Conclusion: For optimal care of patients with depression in general wards, nurses need comprehensive training, confidence and a safe environment, bolstered by sufficient resources and robust management support.

Contribution: The study highlights critical challenges in detecting and caring for patients diagnosed with depression in a general medical ward and the compounding effect of COVID-19. These findings underscore the importance of addressing clinical and psychosocial needs in a healthcare setting, especially amid a global pandemic.

Keywords: COVID-19 pandemic; depression; death anxiety; general medical ward; patients; nurses.


In the aftermath of the COVID-19 pandemic, a surge in mental health problems has emerged as a significant public health challenge, requiring urgent resolution (Moreno et al. 2020:813). Depression, with its characteristic mood swings, sense of worthlessness and loss of life interest, can significantly alter individuals’ eating patterns, sleep cycles, mood, overall outlook on life and productivity (American Psychiatric Organization 2021; Kraus et al. 2019:127). The National Confidential Enquiry into Patient Outcome and Death (NCEPOD 2017) reveals that patients in general hospitals often suffer from depression along with their physical ailments. They can either present with depression on admission or develop depression while hospitalised (Pannick et al. 2019:3).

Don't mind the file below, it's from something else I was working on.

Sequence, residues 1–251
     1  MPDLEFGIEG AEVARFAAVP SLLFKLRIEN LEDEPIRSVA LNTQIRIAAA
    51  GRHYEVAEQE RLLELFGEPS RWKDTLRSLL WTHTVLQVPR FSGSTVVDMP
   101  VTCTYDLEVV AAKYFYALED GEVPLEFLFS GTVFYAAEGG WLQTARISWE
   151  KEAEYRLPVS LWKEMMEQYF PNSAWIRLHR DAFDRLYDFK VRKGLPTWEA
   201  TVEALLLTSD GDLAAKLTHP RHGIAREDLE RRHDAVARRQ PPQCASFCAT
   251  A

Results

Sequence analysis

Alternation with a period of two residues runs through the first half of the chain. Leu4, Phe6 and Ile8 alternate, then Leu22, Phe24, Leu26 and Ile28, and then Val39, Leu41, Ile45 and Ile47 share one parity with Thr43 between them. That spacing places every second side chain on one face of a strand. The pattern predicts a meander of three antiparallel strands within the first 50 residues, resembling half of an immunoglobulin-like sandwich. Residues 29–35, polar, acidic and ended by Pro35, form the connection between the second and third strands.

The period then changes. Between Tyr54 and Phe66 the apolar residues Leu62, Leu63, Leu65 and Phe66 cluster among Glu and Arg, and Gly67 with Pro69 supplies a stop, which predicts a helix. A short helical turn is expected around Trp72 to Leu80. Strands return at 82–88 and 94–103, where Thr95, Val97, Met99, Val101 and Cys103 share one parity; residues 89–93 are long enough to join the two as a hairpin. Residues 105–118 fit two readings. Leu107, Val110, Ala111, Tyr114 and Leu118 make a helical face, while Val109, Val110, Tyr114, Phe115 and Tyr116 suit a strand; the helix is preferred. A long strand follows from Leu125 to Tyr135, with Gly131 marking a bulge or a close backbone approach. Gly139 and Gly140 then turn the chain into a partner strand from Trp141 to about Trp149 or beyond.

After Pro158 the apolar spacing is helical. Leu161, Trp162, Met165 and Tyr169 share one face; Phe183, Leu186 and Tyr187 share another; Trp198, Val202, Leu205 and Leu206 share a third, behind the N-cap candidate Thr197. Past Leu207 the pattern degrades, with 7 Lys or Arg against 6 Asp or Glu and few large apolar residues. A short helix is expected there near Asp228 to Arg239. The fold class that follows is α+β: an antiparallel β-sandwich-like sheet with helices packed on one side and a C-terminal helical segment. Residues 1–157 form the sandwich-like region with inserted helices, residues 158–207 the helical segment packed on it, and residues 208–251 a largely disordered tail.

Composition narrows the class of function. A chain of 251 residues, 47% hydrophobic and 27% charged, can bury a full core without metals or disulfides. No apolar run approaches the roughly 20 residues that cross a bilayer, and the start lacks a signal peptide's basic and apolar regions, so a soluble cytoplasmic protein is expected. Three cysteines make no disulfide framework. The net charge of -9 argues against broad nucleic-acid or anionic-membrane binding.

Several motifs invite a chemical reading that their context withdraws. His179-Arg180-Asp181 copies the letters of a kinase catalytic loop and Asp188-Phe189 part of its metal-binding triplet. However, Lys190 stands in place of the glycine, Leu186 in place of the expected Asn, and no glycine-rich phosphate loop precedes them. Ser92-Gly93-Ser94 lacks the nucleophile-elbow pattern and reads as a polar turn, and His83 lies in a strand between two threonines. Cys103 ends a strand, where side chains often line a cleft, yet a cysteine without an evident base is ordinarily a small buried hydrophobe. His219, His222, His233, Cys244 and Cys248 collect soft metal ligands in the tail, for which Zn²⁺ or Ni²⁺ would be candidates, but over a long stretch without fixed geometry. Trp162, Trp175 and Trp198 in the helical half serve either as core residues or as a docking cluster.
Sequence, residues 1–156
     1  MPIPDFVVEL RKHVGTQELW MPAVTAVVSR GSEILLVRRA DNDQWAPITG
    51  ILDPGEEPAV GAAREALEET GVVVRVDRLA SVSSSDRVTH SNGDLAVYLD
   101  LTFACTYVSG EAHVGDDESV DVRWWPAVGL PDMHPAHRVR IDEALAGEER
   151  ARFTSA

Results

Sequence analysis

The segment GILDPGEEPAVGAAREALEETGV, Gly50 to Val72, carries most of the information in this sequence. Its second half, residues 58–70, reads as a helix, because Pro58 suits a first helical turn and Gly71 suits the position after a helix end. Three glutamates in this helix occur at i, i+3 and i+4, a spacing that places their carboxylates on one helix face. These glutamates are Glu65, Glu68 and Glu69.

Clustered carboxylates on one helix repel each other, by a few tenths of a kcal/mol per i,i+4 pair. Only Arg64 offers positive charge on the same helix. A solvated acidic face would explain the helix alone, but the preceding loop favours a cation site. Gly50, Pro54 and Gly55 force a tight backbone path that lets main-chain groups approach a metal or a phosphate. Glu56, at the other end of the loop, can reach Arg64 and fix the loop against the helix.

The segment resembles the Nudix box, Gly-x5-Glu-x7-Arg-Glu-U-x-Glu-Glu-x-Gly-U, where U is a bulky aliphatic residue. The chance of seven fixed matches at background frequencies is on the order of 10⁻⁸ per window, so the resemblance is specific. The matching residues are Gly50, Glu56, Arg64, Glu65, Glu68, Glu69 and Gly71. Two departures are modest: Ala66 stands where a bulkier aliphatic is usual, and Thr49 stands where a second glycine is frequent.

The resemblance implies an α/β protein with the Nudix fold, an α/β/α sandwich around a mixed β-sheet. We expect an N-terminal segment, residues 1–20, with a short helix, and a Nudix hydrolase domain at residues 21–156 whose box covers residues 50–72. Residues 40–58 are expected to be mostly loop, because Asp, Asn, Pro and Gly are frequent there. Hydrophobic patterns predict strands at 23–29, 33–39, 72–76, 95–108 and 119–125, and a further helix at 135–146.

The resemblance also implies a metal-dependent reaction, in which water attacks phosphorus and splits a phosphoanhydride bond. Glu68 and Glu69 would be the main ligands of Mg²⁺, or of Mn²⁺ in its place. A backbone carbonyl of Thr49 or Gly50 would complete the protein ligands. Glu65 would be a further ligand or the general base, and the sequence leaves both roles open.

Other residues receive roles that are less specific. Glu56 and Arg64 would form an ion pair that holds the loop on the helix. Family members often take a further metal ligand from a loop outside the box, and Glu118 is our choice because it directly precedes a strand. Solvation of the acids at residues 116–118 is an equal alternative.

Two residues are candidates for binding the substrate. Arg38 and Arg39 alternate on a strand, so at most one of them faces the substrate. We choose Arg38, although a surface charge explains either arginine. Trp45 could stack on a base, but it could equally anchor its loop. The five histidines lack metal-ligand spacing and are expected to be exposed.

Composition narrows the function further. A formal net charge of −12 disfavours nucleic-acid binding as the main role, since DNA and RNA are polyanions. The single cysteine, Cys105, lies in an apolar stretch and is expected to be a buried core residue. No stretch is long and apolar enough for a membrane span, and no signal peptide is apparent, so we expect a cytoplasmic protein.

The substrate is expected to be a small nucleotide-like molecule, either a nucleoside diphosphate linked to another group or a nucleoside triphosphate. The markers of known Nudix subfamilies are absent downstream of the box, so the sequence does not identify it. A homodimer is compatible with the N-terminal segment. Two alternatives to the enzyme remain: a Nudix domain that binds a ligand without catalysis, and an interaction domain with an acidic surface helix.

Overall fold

Dispelling the notion that patients with depression are confined to psychiatric institutions, registered nurses in general medical wards often find themselves caring for patients diagnosed with depression, frequently accompanied by severe physical illnesses (Davis & Lockhart 2017:26; NCEPOD 2017; Walker et al. 2018:2285). When faced with a patient with depression, it is paramount that nurses have the requisite skills and self-assurance to provide comprehensive care (Harris 2018:2). However, there is often a shortfall in the hospital systems in terms of providing adequate training and support to nurses caring for patients who are depressed while admitted to a general medical ward. This lack of support can undermine nurses’ confidence in caring for such patients (Harris 2018:4).